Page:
Aldona Wos, a wealthy Greensboro physician stepped down from her position as North Carolina’s Health and Human Services Secretary, the second member of Gov. Pat McCrory’s administration to leave in the last week.
McCrory, in tears at times, called her the best secretary the N.C. Department of Health and Human Services has ever had, and pointed out the state’s massive Medicaid program reversed trends of significant cost overruns and ended the year with a $130.7 million surplus.
Rick Brajer, who had previously headed medical technology companies, will replace Wos.
Wos is the second member of McCrory’s administration to leave this week. N.C. Department of Transportation’s Tony Tata abruptly left last week, citing the need to spend time with his family and consider what next the steps are in his career.
But while Wos, a wealthy Greensboro physician who was a significant fundraiser during McCrory’s 2012 campaign, was heaped with praise Wednesday, her 32-month tenure at the N.C. Department of Health and Human Services was marked with controversy.
The legislature, which is controlled by McCrory’s own Republican Party, has frequently expressed displeasure with DHHS under Wos’ leadership.
She took a $1 a year salary to head the state’s health and human services agency, the largest department in Gov. Pat. McCrory’s administration. A native of Poland, she and her husband, Louis DeJoy, had been generous Republican fundraisers, and she served as a past ambassador to Estonia under President George W. Bush.
The job at the N.C. Department of Health and Human Services was the first time she’d managed a large entity, and, with more than 16,000 employees, DHHS is one of the state’s largest.
She was at the agency’s helm during the rocky launches of two major benefits systems, which left tens of thousands of North Carolinians without access to emergency food assistance and delayed payments for months to Medicaid providers around the state.
In 2013, North Carolinians learned North Carolina was the only state in the nation in the course of the federal government shutdown to suspend issuing WIC vouchers, a federally-funded program that provides breastfeeding help and vouchers for formula and nutritious food for at-risk children.
She also opted to give $85,000 salaries given to two 24-year-old former McCrory campaign workers (one of whom is now working for the N.C. GOP) and a sharp increase in personal services contracts, including $228,000 paid over eight months to an employee of her husband’s company.
A Washington consulting firm, Alvarez and Marshal, has gotten nearly $8 million through a contract to run the state’s Medicaid division, duties that were previously performed by state employees.
The major goal of her administration, to bring changes to the state’s Medicaid system, remains unfinished, as the legislature decides whether to move Medicaid administration to its own department and open the massive $14 billion state Medicaid system to the private market.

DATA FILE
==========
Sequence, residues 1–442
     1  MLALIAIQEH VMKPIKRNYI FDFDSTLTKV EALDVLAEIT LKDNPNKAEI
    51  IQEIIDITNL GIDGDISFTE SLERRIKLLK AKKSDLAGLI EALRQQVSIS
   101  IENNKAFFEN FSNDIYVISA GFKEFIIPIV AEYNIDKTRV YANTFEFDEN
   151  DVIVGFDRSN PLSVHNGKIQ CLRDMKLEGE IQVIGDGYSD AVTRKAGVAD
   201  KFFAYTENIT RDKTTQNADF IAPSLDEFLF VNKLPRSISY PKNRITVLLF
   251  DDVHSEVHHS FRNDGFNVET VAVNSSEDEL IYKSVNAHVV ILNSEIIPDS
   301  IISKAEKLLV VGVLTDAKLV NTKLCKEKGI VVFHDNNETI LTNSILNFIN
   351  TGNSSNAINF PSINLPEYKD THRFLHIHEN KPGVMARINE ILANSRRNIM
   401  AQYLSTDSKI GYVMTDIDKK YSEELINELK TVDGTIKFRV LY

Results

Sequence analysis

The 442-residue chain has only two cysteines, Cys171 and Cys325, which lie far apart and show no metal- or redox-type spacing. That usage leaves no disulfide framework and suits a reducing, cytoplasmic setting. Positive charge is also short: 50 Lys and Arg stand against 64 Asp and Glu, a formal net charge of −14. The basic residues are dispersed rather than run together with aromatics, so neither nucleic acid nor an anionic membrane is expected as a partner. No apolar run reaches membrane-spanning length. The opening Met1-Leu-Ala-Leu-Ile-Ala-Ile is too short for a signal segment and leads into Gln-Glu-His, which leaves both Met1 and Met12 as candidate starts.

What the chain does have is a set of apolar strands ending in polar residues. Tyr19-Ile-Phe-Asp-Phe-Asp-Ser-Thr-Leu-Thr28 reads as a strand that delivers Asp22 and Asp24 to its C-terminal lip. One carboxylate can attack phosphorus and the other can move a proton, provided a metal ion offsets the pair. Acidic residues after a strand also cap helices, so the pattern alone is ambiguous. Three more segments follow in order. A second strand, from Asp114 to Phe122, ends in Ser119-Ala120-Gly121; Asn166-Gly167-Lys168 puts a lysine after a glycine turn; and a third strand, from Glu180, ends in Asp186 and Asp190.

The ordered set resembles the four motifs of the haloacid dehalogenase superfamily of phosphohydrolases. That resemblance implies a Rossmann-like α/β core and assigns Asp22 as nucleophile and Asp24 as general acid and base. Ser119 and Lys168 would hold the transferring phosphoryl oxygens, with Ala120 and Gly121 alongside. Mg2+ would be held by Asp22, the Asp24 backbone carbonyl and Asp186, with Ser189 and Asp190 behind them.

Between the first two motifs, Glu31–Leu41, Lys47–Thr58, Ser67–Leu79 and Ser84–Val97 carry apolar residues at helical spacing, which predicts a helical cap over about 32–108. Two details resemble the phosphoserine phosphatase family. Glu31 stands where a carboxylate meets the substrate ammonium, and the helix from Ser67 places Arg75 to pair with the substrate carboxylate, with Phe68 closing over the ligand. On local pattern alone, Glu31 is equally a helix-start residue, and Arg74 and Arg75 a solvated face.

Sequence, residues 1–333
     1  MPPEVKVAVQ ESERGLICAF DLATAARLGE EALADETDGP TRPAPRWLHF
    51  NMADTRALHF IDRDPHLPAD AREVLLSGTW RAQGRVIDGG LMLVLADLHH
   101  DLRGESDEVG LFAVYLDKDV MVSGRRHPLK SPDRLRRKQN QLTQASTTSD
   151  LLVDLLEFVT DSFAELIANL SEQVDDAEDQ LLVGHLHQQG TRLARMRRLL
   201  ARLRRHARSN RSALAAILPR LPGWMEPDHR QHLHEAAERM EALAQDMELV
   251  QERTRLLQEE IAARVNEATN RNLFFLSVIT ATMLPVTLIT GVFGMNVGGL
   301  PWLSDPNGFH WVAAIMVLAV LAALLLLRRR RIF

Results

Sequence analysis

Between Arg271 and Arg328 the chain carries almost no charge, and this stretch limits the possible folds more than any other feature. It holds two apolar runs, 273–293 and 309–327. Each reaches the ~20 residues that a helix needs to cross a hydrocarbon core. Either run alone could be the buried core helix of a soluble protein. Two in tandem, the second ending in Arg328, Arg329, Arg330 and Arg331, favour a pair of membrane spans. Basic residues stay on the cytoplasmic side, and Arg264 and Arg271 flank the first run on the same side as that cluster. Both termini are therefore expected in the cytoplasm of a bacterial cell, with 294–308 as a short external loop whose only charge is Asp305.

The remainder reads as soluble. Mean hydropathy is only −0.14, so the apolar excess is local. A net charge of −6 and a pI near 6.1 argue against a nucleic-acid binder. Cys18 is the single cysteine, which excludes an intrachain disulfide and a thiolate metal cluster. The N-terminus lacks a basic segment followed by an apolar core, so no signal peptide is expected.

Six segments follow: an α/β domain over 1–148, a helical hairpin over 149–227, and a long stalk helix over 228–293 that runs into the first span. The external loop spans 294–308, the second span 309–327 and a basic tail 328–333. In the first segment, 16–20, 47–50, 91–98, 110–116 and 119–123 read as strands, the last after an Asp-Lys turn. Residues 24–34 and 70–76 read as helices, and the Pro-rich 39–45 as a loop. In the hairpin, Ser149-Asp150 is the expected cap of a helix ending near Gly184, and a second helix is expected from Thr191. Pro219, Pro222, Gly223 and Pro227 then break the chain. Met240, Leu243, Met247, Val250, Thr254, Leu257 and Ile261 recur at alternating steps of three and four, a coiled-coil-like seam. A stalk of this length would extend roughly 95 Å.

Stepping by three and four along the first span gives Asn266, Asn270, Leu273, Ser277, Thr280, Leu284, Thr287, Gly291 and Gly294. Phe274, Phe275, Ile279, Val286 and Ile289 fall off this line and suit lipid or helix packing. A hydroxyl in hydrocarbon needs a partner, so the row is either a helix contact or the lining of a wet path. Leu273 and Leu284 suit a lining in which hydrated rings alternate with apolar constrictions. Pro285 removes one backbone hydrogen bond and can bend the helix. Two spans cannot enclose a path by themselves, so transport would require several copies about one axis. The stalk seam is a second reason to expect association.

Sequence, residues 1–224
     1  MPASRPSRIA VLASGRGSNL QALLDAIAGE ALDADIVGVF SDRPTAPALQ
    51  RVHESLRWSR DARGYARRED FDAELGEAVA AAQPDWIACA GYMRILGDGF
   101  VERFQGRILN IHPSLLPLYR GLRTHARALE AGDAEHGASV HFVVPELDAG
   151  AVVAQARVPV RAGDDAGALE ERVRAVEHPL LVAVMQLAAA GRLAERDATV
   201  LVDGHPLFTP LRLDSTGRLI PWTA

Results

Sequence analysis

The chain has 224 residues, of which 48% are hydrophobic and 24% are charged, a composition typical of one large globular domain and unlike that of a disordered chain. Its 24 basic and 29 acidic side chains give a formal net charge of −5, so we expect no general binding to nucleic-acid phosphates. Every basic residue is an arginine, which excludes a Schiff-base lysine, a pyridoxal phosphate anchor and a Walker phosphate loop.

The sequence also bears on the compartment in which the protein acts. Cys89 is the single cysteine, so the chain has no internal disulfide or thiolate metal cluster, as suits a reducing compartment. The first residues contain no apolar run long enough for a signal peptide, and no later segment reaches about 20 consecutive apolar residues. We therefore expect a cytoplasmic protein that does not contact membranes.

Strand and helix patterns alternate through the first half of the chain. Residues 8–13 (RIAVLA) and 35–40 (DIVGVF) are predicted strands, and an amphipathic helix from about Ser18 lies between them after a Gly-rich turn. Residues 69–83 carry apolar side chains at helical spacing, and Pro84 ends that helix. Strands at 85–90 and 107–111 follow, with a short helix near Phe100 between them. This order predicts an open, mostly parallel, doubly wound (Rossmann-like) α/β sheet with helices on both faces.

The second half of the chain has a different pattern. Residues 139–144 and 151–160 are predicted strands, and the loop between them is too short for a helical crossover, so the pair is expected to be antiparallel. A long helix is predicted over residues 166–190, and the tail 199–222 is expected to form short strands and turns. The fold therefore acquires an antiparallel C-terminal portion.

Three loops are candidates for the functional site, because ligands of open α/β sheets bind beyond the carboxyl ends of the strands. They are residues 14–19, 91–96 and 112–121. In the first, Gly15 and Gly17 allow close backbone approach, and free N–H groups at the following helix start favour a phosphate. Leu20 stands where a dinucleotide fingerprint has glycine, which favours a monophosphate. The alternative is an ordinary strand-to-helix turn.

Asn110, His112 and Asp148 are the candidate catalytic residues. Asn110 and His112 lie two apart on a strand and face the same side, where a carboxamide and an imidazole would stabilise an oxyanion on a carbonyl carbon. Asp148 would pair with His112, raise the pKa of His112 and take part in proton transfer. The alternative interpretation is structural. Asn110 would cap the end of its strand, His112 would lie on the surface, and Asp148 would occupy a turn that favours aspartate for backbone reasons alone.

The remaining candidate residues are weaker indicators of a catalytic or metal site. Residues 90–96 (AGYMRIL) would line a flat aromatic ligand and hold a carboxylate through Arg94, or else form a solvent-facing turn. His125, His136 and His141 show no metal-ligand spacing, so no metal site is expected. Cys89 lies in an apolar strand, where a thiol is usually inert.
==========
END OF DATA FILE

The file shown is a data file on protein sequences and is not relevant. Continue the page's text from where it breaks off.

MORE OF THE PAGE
Two Medicaid directors came and went under her watch, and questions were raised in 2013 about whether she and one former Medicaid director, Carol Steckel, exaggerated the findings of a critical audit of the Medicaid system to pave the way for privatization. Steckel announced her resignation less than a year after coming to North Carolina, and now works for a managed care company.
Wos’ second Medicaid director, Dr. Robin Cummings, left his post to become the new chancellor this fall at the University of North Carolina at Pembroke.
She and her executive team also turned to personal services contracts for administrators, including $228,000 paid out to Joe Hauck, an executive on leave from a position in her husband’s company New Breed Logistics, and a $312,000 one-year contract with Les Merritt, the former Republican state auditor.
McCrory defended Wos’ performance fiercely, repeatedly telling reporters that he had full confidence in her abilities as she faced criticism for decisions made in her department.
“We’re fortunate to have Dr. Aldona Wos in this job along with my other members of my cabinet,” McCrory said in a 2013 interview with a Raleigh television station. “She’s completely focused on trying to fix a very broken operation that she inherited, and to do that you have to make some short-term decisions.”
Wos’ personnel decisions, and granting of high-dollar personal services contracts, was among the decisions in the more than two years she served as the head of health and human services.
The high salaries included the $85,000 and $87,500 paid to her communications director Ricky Diaz and chief policy advisors Matt McKillip, both 24, which N.C. Policy Watch first reported in August 2013. Both men had received raises of more than $22,000, a month after McCrory issued directives to his agency leaders to freeze all pay raises. McKillip is still with DHHS, while Diaz is now working for the N.C. Republican Party for the 2016 campaign.
To hear Dr. Wos reflect on her time at DHHS and her decision to leave the agency click below: